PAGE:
Tearful Park Tae-Hwan Apologises But Says ‘I Never Once Thought About Using Drugs’

A tearful Park Tae-hwan issues a public apology but denies any thoughts of cheating

Korean swimmer Park Tae-hwan has issued a tearful public apology at a press conference in Seoul after his 18-month suspension for failing an anti-doping test in September last year: “I’ve worn the Korean flag since I was 15 and in all that time I never once thought about using drugs”; Aussie swimmers lodge official protest

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Korean swimmer Park Tae-hwan has issued a tearful public apology at a press conference in Seoul after his 18-month suspension for failing an anti-doping test in September last year: “I’ve worn the Korean flag since I was 15 and in all that time I never once thought about using drugs”; Aussie swimmers lodge official protest

Comments

aswimfan

If he were innocent, he wouldn’t have cried, he should have been angry and mad.

Craig Lord

No-one who tests positive is innocent, one way or the other aswimfan but I think angry and mad is not something those around him organising the press conference would have advised him to be on the day. I suspect at some stage he has indeed gone through mad and angry. Tears can be interpreted in many ways, of course.

aswimfan

True. I forgot about the power of PR and media.

Felixtzu

In the abstract everyone understands the need for the principle of ultimate responsibility for what is in your system.

When it comes to the crunch…

Craig Lord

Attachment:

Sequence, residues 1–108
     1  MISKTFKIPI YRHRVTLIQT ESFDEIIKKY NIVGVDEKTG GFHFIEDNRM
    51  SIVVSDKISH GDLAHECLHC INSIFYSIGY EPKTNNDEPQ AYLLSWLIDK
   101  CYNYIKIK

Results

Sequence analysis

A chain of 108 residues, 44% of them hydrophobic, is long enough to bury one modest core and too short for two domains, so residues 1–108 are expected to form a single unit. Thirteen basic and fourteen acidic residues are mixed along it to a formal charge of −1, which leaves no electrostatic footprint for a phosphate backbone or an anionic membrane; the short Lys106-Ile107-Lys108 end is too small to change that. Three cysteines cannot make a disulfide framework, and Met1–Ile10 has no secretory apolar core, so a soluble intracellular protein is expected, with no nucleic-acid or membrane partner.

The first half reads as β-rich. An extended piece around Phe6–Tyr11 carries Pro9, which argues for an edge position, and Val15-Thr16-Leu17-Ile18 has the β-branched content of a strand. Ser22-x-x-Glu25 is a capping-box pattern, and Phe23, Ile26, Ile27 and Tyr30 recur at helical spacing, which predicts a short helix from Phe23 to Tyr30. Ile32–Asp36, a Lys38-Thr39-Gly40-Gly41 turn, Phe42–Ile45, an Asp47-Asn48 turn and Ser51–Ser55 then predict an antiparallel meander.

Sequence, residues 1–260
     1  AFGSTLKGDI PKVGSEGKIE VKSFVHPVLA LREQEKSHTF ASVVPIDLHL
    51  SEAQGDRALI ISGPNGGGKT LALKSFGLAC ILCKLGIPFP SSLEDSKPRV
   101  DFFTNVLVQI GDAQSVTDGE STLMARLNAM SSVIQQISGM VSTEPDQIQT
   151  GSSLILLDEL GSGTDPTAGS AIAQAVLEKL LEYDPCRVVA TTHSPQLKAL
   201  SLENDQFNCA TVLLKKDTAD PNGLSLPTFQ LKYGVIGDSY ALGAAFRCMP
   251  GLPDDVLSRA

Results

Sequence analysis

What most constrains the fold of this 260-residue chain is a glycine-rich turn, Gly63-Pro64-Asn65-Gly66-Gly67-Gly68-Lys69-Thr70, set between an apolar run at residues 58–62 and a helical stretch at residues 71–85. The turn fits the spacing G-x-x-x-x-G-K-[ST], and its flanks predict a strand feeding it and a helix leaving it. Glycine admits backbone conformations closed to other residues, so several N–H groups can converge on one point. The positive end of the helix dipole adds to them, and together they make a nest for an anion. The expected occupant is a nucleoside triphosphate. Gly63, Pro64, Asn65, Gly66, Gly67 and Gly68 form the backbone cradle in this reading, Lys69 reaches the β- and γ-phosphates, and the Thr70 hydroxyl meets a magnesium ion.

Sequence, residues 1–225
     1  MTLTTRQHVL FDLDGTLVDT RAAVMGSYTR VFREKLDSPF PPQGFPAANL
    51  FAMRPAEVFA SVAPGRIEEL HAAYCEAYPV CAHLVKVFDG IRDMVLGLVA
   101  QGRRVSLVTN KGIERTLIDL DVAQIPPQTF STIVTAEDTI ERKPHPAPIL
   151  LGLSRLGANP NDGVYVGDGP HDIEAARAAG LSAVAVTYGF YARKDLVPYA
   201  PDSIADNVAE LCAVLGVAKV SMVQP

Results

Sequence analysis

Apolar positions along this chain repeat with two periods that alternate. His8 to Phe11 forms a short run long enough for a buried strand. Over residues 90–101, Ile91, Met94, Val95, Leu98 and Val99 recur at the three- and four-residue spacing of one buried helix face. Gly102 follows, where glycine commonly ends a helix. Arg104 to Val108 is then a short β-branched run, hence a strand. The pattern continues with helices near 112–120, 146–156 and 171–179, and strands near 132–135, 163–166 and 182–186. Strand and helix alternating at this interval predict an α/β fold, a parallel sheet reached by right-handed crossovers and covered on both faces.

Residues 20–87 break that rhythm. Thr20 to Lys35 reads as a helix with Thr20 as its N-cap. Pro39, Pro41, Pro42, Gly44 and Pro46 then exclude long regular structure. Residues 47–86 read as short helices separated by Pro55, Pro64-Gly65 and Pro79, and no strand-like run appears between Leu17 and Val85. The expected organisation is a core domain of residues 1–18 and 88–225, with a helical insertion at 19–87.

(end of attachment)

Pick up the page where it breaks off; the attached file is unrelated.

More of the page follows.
Yes, indeed. The truth is often a crunch, Felixtzu. Strict liability is one of the key tick boxes in the life of a senior, experienced athlete. When I read through the Efimova judgment in full, the questions flowed and trust was sorely tested. A program with a coach with a mantra of ‘no supplements’; a swimmers with a coach like that there and a father by her side in California; a swimmer of her level of experience … and she walks into a local ph store and buys a product that is labelled with a banned substance, takes it and then says … oops, I had no idea. That is why strict liability is there … and the crunch was the action of a swimmer who ignored every bit of advice, steer and message that has been around her for a long time … I know Dr Vorontsov, former head coach to Russia – and I know he would have enforced that msg many times over during his time in touch with Russia team members. Whether it all beggars belief or not, strict liability applied for very good reason – and the swimmer was let off very lightly indeed, in my view … and, apparently, the view of the Australian Swimmers Association… I would imagine they are not alone among athletes who find themselves competing against those who have served a ban deeply unpalatable. Under the 2015 WADA Code, of course, string chance that Efimova would have missed the world champs this year.

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